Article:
(Jun 18, 2007)


EU and US to cut aircraft emissions by improving traffic control


By Aoife White
From AP


BRUSSELS, Belgium (AP) - The European Union and the United States said Monday they would cut emissions from aircraft by improving air traffic control systems.

But the agreement announced Monday does not head off a fight over the EU's separate plan to make all airlines that fly to Europe trade carbon permits.

The European Commission and the U.S. Federal Aviation Administration said the plan they announced Monday would let them quickly put in place new emission-reduction technologies and methods that would reduce greenhouse gases released from aircraft.

These include using a system that reduces engine power when landing planes that saves fuel, cuts down on noise and releases less carbon dioxide and nitrogen dioxide.

The EU and U.S. said that they were working with industry to test environmental benefits of new measures that would involve aircraft manufacturers Airbus and Boeing Co., the airlines Air France-KLM, SAS AB and Delta Air Lines Inc., the delivery service FedEx Corp. and aviation navigation services.

But the EU's executive arm insisted that this research program was only part of its push to cut emissions from aviation - growing rapidly as a new wave of low-fare airlines has encouraged more people to fly more often and in greater numbers.

''It supplements our proposal to include aviation in the emission rights trading system,'' EU Transport Commissioner Jacques Barrot said.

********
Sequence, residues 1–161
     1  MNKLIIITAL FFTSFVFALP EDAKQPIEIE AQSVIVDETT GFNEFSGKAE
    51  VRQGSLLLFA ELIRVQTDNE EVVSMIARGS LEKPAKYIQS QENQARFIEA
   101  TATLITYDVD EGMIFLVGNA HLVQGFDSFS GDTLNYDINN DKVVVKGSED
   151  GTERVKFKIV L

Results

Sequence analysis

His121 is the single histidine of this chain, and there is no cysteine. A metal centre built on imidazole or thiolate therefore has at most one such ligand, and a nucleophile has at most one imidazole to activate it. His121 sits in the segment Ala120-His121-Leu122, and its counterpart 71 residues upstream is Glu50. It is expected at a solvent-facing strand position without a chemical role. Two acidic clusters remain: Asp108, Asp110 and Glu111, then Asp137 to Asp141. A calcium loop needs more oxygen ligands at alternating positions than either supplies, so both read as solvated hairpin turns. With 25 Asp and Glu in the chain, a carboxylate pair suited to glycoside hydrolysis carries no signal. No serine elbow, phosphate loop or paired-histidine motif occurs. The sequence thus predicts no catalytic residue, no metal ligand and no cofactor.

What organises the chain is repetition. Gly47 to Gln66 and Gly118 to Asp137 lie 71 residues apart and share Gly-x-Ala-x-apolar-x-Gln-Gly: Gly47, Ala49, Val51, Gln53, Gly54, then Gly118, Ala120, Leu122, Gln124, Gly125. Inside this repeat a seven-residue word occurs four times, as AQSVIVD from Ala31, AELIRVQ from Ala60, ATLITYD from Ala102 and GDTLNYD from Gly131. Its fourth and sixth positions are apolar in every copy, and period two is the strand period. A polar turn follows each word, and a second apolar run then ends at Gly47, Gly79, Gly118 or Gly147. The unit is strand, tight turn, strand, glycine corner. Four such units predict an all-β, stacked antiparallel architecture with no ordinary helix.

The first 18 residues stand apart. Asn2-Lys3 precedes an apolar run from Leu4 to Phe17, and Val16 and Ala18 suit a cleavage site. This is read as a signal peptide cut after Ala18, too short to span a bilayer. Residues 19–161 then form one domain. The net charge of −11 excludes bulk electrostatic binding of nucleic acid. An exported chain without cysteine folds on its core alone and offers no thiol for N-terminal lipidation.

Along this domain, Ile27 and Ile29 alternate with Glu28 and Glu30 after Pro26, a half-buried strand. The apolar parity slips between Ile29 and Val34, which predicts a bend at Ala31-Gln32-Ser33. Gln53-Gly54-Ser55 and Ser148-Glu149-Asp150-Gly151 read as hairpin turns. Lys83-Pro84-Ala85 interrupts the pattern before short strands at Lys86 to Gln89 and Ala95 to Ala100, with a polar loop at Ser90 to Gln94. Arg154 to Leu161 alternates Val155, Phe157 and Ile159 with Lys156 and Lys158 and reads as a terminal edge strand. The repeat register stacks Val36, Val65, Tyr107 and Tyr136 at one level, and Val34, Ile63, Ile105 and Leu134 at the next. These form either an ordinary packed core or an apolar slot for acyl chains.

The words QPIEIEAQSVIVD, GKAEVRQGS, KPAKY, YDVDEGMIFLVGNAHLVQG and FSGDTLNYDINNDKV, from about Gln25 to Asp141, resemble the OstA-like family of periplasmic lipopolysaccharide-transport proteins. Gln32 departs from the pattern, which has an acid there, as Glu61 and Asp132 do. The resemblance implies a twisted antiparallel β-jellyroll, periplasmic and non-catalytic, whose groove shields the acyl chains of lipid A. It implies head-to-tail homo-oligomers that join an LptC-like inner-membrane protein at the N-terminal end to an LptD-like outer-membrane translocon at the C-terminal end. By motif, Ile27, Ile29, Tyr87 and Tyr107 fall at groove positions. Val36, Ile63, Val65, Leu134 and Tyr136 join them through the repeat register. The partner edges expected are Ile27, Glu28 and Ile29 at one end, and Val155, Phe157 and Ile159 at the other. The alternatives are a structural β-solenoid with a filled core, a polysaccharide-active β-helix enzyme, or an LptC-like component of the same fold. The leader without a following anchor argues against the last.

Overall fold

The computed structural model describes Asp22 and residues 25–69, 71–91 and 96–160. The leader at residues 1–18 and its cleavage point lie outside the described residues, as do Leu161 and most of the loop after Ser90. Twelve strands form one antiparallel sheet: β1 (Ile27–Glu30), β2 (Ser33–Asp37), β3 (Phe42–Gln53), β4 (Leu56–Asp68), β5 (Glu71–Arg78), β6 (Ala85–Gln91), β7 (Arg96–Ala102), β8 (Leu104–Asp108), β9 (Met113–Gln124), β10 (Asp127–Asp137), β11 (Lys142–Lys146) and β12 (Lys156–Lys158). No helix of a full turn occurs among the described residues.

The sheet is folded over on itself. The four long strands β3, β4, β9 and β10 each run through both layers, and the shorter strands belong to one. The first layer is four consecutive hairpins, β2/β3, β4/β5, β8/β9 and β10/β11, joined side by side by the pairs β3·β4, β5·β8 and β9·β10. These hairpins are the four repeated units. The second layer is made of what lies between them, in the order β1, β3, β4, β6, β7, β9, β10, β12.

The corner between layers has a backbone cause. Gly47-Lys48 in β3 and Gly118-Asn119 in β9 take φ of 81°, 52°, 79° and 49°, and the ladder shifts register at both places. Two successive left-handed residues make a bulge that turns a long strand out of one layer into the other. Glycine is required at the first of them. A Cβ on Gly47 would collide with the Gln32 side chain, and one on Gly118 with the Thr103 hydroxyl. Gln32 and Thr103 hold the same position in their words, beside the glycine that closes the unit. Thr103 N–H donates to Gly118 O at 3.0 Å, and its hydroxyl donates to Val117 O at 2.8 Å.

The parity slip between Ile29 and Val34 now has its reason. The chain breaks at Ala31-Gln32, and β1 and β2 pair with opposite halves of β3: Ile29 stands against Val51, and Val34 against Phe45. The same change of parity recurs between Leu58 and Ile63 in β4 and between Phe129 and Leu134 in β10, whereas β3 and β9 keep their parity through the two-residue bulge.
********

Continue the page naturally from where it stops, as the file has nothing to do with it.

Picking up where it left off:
U.S. officials have warned that including non-European airlines in the EU cap-and-trade program may break international aviation and trade law.

Europe wants all airlines that fly within the EU to trade pollution allowances beginning in 2011, forcing them to buy more if they want to increase their flights.

All airlines flying to the EU would then join the program a year later - a move that would hit U.S. airlines on their lucrative trans-Atlantic routes.

The EU says the plan would give the industry a financial incentive to switch to cleaner technology or cut back routes because they could sell their unused permits to others.

Earlier this month, European airlines complained that the EU trading program - as it stands - would cripple them with annual costs of 4 billion euros ($5.4 billion) that would stifle growth and come close to wiping out their profits.


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